|Indoor Bike Park replaces long vacant bowling alley
SPECIAL TO THE MID-COUNTY MEMO
The Lumberyard, an indoor bicycle park modeled after two successful parks in the mid-west, opened last month in the old bowling alley across the street from Madison High School. The Lumberyard includes 60,000 square feet of rideable space, geared toward BMX and mountain bike riders of all ages and abilities.
The building will also house a café, bar, and community meeting space.
Paul Mooring, president of the nearby Roseway Neighborhood Association, is optimistic about the new development. I think it's a great idea. That part of 82nd between the high school and Fremont is blighted. We're excited about the fact that it's not another liquor store or strip club, he said.
A few months ago, Dave Smith, chair of the Madison South Neighborhood Association, stopped by to help with demolition work on the Lumberyard and got to know some of the folks involved.
From the people I met while pulling nails, they seem to be a pretty decent group of professionals, Smith said. In my estimation, it's a positive move. They are not invading the neighborhood; they are becoming part of the community. We could do a lot worse.
Lumberyard founders Will Heiberg and Michael Whitesel are both long-time cyclists who sit on the board of the Northwest Trail Alliance, a local group dedicated to building and maintaining off-road biking trails. They recognized a niche begging to be filled.
Working with promoter Matthew Mangus of mangai.rollin, Heiberg and Whitesel searched for a suitable space for the bike park for over a year. At first, they rejected the vacant AMF bowling alley as too small, but after discovering how difficult it is to obtain commercial use for properties with industrial zoning in Portland, they settled on the 82nd Avenue location.
We chose it because everything else was going to be a fight. In addition, folks on the east coast are eager to build here. We wanted to beat them to the punch, said Mangus.
The partners quickly grew to see the benefits of the area, including its proximity to downtown and MAX lines for local riders, as well as easy access to the airport and I-5 for out-of-town visitors.
According to Mangus, if the Lumberyard draws in just one percent of metro area off-road cyclists, they will break even financially. In addition, they plan to attract expert and professional riders who come to Oregon to ride in Oakridge, which earned a silver rating from the International Mountain Biking Association, and those who are passing through on their way to Whistler, B.C. - a longtime mountain biking hot spot.
Mangus said Heiberg and Whitesel are looking at property in Seattle and northern California, and are looking to jump the line and go to Vancouver, B.C. to take advantage of the I-5 corridor.
Heiberg and Whitesel were able to lure in professional rider and park designer Joe Prisel to work on their project. Prisel designed Ray's Indoor Mountain Bike Parks in Cleveland, Ohio and Milwaukee, Wisconsin, which were bought recently by Trek.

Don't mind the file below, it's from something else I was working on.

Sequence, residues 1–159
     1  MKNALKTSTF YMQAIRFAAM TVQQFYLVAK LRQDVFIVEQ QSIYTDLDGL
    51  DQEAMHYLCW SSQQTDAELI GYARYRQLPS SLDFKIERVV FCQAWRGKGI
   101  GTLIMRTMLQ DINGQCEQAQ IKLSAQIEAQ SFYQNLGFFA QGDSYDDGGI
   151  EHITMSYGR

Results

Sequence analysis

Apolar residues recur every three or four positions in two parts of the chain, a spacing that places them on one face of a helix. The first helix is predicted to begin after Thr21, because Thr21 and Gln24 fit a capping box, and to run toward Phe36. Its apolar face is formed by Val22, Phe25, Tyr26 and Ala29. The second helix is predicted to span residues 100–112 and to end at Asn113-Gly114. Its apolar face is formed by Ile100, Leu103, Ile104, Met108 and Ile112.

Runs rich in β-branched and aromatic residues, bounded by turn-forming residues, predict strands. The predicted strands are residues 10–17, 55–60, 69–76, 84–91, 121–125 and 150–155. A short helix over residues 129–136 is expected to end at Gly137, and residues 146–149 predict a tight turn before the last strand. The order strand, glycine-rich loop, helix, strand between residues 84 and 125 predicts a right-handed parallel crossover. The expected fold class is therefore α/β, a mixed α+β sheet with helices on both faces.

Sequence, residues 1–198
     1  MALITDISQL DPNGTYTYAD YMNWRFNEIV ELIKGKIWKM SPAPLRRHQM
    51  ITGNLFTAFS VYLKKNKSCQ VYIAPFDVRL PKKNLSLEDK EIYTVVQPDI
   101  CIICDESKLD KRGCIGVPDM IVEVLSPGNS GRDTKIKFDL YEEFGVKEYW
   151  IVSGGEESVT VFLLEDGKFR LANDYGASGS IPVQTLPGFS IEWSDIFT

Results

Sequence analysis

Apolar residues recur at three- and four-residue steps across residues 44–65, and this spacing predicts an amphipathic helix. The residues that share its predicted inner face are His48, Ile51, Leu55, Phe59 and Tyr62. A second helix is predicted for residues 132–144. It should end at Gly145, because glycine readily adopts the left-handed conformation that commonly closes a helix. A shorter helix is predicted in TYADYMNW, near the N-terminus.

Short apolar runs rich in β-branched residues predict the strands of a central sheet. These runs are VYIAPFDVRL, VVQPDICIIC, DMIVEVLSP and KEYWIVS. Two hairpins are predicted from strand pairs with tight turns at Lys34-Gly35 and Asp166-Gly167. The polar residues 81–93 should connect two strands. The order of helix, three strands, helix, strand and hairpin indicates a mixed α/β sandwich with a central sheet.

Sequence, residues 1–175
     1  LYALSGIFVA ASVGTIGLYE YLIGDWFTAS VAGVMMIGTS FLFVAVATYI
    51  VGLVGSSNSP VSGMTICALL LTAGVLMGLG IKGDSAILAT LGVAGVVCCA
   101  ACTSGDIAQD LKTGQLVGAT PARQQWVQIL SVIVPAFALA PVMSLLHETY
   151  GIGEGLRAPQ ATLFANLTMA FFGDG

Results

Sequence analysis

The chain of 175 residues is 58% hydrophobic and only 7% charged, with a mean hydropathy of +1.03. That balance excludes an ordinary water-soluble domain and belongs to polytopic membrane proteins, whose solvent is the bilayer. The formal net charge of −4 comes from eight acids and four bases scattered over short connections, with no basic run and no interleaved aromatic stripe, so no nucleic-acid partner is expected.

Prisel plans to include jumps, ramps, a pump track (a continuous loop that can be ridden without pedaling), and a cross-country course in the main building. Many of the features will be moveable, so that the layout can be changed from year to year. Also in the works is a separate 18,000-square-foot pole barn, a covered area with open sides that will have a 30-foot clearance height, allowing riders to practice tricks like 360's and backflips.
The Lumberyard is not just for the hardcore however, emphasize Mangus and Heiberg, who both have young children. They plan to make it a family-friendly spot, with a tot area on one side and a beginners' area on the other, so parents can keep an eye on kids of different ages. They will also offer skills clinics throughout the year and camps in the summer.
Madison South resident and mountain bike racer Johnny Vergis, who was born and raised in the neighborhood and went to Madison High School across the street, is tickled with the new indoor bike park. This is great, I live nearby and could hardly wait for the place to open. He said he was one of the first to purchase an annual pass to the Lumberyard. I'll use it all the time; especially this winter.
Adult clinics will be another way to draw cyclists in during the dry season, although Mangus anticipates that the park will busy year-round, not just in the wetter months when riding outside can be a drag.
Even in the summer, you have to drive an hour to get to a trailhead. We know we'll get folks who want to just blow off steam for an hour after work, he said.
Rates are $24.95 to ride weekdays, and $29.95 weekends. For children under 12, the cost is $12.95 daily and $14.95 on weekends. A parent must accompany kids under twelve. If you do not have a bike, the Lumberyard rents them for $15 a day.
For more information, call 503-252-2453, visit lumberyardmtb.com. The Lumberyard is at 2700 NE 82nd Ave.
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